Sunday, August 1, 2010

Depression crashed your party

I've told you before I like Dr. Maes. Turns out he's been working the depression = inflammation angle for the past twenty years, isolating all the cellular mechanisms while we were all busy getting bored by drug reps peddling their newest serotonin reuptake inhibitors.

Maes is not only brilliant, but cranky. The main page of his website is devoted to accusing a Dr. Dantzer of stealing his ideas, and much of the introduction of this brand new paper harps on the fact that Dowlati's recent major meta-analysis of depression and inflammation left out much of Maes' work. Fortunately Maes' current paper cites 39 of his previous papers - so nothing will be left out here. I've got your back, cranky Belgian depression and inflammation researcher!

I'll begin by describing the immune system. It's complicated. Imagine an A-list party with all sorts of different security checks and bouncers. There are guys on the perimeter keeping the unwashed masses out, then there are guards on the inside keeping an eye on the elite, and maybe even spies working the crowd, searching for any crashers. The different security forces of our immune system have different names and duties, too. There are the B cells which work via little protein tags called antibodies (known as the "humoral immune system.") Then there are the natural killer cells, hungry macrophages, and other elite shock troops. Finally, you have the cell-mediated immunity, primarily the T cells, who run around messing with anyone who looks like he doesn't belong.

In several of the last blog posts, I mentioned high levels of IL-6 and TNFalpha as markers of depression. These inflammatory cytokines (among many more, such as IL-2, IL-12, interferon gamma, and biomarker neopterin) activate and prime the T cells, who then go out and do their killing. Therefore inflammation means, in a nutshell, that the body's security forces are out there, and the cell-mediated part of our inflammatory reaction is the major cause of the symptoms of depression.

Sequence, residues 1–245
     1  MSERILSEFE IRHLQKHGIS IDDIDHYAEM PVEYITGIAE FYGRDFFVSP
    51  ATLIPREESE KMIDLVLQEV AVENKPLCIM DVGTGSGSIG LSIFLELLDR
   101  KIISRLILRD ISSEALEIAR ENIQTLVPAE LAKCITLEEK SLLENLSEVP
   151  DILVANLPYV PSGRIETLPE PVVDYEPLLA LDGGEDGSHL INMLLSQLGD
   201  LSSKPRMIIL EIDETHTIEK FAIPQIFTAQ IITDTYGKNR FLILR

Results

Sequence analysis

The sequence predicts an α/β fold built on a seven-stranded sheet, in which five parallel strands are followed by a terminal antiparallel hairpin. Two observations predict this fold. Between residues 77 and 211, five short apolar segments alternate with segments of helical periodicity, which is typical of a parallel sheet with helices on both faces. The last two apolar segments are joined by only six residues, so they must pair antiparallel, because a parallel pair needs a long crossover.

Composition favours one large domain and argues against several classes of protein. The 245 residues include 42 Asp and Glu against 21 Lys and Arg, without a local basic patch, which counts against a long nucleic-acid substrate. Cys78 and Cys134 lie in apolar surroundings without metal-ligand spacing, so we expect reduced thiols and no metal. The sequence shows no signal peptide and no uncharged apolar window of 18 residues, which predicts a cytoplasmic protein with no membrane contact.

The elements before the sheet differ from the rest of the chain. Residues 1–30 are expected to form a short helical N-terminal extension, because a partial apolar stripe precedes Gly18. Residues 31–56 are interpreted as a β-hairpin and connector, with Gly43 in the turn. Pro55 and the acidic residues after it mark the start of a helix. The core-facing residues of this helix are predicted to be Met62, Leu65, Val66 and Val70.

Out-of-whack cell-mediated immunity has also been implicated in lupus, diabetes mellitus, schizophrenia, rheumatoid arthritis, several cancers, multiple sclerosis, and Grave's disease. But Maes has been able to link various participants in cell mediated immunity to many of the major symptoms of depression, including the "vegetative" symptoms (poor sleep, poor eating), the somatic symptoms (increased worry about illness and increased aches and pains), and the decreases of neurotransmitters serotonin and norepinephrine. He links it to the alterations in the HPA axis. Not to mention the actual inflammation in the hippocampus itself. To put it simply, Maes has described the complex biochemical mechanisms of depression using a single overriding, reasonable, and realistic theory of cell-mediated immunity. This is like learning the beautiful ins and outs of how too much fructose causes metabolic syndrome. In a word, awesome.